Maj. Allison Brager, Ph.D.
U.S. Army Soldier, author, and neurobiologist, Maj. Allison Brager, Ph.D. is the U.S. Army’s leading expert in sleep practices and she has championed the implementation of quality sleep techniques and education throughout the force. She is involved in the Army’s Holistic Health and Fitness (H2F) system – a program that helps our soldiers get good quality sleep and stay as healthy as possible. Her tips and techniques, which help our troops and soldiers sleep so they can protect our country, can help busy women improve their sleep habits.
Why is sleep so important?
Without enough sleep, the body has no means to repair and recover. Just like our bodies need to repair and recover after a workout, our brains need to repair and recover for our brain health. Sleep clears toxins and waste that build up across the day, and it also prevents our brain from being emotionally hijacked so that we can continue to make sound and rational decisions.
What are some of the health benefits of being well-rested?
All the aspects of our health are connected, and if sleep is compromised, all mental faculties, including your mood, suffer greatly until adequate sleep is achieved. The benefits of being well-rested are endless. Sufficient sleep optimizes alertness, vigilance, mood, memory, learning, decision-making, calculating risk, and interpersonal relationships.
I didn’t get any sleep last night and have a big day today. What steps can I take so I can function properly on no sleep?
If you find yourself up all night, there are steps you can take to recover from a bad night’s sleep: Find the Light – Our sleep system ‘resets’ in the morning through early morning light exposure. Try to get outside for some sunshine as soon as you wake up for a spark of energy to start your day, even if you haven’t had the best night of sleep. Work in Sprints of 25 Minutes – Sunlight paired with frequent breaks can help protect performance and productivity under conditions of sleep loss. The technique of working for 25 minutes at a time, known as the Pomodoro method, has been championed by some of the top business schools in the world and makes sense from a neuroscience viewpoint, given the average human’s attention span.
What is “healthy sleep” and how much do I need?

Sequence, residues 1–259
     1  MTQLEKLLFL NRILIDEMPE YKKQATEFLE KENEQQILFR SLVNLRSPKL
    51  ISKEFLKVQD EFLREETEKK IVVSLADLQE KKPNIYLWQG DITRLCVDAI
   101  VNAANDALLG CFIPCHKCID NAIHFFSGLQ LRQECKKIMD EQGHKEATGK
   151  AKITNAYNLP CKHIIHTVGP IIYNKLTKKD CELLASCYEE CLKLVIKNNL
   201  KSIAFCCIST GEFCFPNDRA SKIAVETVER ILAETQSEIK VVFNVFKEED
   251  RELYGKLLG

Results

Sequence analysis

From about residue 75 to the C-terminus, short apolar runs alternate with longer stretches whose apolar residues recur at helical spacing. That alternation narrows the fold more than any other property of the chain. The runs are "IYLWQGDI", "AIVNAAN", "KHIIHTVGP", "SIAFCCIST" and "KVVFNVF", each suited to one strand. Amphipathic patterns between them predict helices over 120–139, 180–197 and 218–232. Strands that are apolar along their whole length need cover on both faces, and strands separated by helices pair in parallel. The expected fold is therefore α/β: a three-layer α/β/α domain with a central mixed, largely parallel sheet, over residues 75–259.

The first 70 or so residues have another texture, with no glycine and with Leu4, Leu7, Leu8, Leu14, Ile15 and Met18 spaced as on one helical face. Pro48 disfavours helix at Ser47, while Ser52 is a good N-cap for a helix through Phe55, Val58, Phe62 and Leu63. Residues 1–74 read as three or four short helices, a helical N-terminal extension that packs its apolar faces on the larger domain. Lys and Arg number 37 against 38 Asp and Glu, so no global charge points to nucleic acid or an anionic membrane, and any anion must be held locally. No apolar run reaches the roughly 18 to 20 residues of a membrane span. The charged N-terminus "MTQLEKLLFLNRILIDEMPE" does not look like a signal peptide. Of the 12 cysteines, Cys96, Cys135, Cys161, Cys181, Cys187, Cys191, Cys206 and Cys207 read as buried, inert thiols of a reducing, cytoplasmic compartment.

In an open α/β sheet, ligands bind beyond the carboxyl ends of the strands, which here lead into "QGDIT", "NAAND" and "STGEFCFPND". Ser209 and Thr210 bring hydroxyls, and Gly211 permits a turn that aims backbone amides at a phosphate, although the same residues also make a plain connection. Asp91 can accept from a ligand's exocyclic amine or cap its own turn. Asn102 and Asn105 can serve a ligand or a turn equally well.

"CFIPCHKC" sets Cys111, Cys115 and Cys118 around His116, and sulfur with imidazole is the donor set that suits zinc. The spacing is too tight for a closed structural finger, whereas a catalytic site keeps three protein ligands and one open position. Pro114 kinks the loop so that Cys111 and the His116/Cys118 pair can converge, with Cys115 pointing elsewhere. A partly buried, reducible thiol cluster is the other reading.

Ideally, everyone should be aiming for 8 hours of sleep a night. One night of sleep loss may be challenging for next-day performance if the individual is already chronically sleep deprived, which is defined as consistently getting less than 70% of daily sleep needs. Army research has consistently shown that it only takes three days of getting less than 70% of sleep needs for any individual to be significantly physiologically and psychologically compromised by lack of sleep. The only way to recover is through paying back that sleep debt.
Every night, I have difficulty falling asleep. What can I do to try to improve my sleep overall?
If you’re having trouble falling asleep, these steps can help:
Avoid caffeine at least 6-8 hours before bed. Coffee’s rate of clearance from the body can be as much as 8 hours, potentially disrupting your sleep schedule.
Nutrition Matters – Prioritize your hydration and eat nutrient-dense food rich in antioxidants and anti-inflammatories. All aspects of our health work together, and your sleep will suffer if your nutrition is off.
Get Moving – Exercise regularly with moderate activity. Simply making exercise a part of a weekly routine will make a difference in how a person feels and can also positively impact the quality of their sleep.
Only Use Your Bed For Sleep – Allowing yourself to scroll on your phone, watch television, or answer late-night emails in bed can negatively impact sleep. Set up a relaxing space to unwind in the hours leading up to bedtime, and head to your bedroom right before you plan to fall asleep.
Take a Quick Nap – Studies show several benefits to even a short 10-minute nap for physical and mental performance. Even if you are a person who can’t nap, lying down for 10 minutes with your eyes closed and focusing on your breath can help.
Phone a Friend – Conversation with friends and even strangers is often stimulating (and novel!) and increases activity in wake-promoting areas of the brain. Use a night of poor sleep to your advantage to bond with friends.